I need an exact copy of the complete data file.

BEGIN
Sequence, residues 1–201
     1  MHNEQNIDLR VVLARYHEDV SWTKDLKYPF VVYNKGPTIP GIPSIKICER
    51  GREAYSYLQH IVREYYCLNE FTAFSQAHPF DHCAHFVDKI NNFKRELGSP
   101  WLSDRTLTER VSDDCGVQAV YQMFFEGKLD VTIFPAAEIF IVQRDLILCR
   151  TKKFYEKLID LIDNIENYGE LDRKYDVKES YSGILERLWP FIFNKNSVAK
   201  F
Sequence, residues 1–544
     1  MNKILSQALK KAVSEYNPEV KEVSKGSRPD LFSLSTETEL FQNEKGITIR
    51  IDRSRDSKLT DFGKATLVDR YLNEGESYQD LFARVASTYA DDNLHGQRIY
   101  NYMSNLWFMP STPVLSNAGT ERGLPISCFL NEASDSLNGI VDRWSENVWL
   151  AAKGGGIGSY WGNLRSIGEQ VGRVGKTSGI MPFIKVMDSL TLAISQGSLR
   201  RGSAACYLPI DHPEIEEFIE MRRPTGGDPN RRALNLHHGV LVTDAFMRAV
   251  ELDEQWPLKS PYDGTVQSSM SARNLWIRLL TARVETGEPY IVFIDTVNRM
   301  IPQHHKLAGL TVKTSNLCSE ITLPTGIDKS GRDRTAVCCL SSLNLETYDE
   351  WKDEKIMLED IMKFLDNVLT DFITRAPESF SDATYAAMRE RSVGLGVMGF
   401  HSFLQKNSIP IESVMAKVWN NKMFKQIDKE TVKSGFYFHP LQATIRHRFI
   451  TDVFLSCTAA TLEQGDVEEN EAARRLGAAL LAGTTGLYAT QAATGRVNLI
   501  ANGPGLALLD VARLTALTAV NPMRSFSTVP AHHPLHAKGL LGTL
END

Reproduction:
Sequence, residues 1–201
     1  MHNEQNIDLR VVLARYHEDV SWTKDLKYPF VVYNKGPTIP GIPSIKICER
    51  GREAYSYLQH IVREYYCLNE FTAFSQAHPF DHCAHFVDKI NNFKRELGSP
   101  WLSDRTLTER VSDDCGVQAV YQMFFEGKLD VTIFPAAEIF IVQRDLILCR
   151  TKKFYEKLID LIDNIENYGE LDRKYDVKES YSGILERLWP FIFNKNSVAK
   201  F
Sequence, residues 1–544
     1  MNKILSQALK KAVSEYNPEV KEVSKGSRPD LFSLSTETEL FQNEKGITIR
    51  IDRSRDSKLT DFGKATLVDR YLNEGESYQD LFARVASTYA DDNLHGQRIY
   101  NYMSNLWFMP STPVLSNAGT ERGLPISCFL NEASDSLNGI VDRWSENVWL
   151  AAKGGGIGSY WGNLRSIGEQ VGRVGKTSGI MPFIKVMDSL TLAISQGSLR
   201  RGSAACYLPI DHPEIEEFIE MRRPTGGDPN RRALNLHHGV LVTDAFMRAV
   251  ELDEQWPLKS PYDGTVQSSM SARNLWIRLL TARVETGEPY IVFIDTVNRM
   301  IPQHHKLAGL TVKTSNLCSE ITLPTGIDKS GRDRTAVCCL SSLNLETYDE
   351  WKDEKIMLED IMKFLDNVLT DFITRAPESF SDATYAAMRE RSVGLGVMGF
   401  HSFLQKNSIP IESVMAKVWN NKMFKQIDKE TVKSGFYFHP LQATIRHRFI
   451  TDVFLSCTAA TLEQGDVEEN EAARRLGAAL LAGTTGLYAT QAATGRVNLI
   501  ANGPGLALLD VARLTALTAV NPMRSFSTVP AHHPLHAKGL LGTL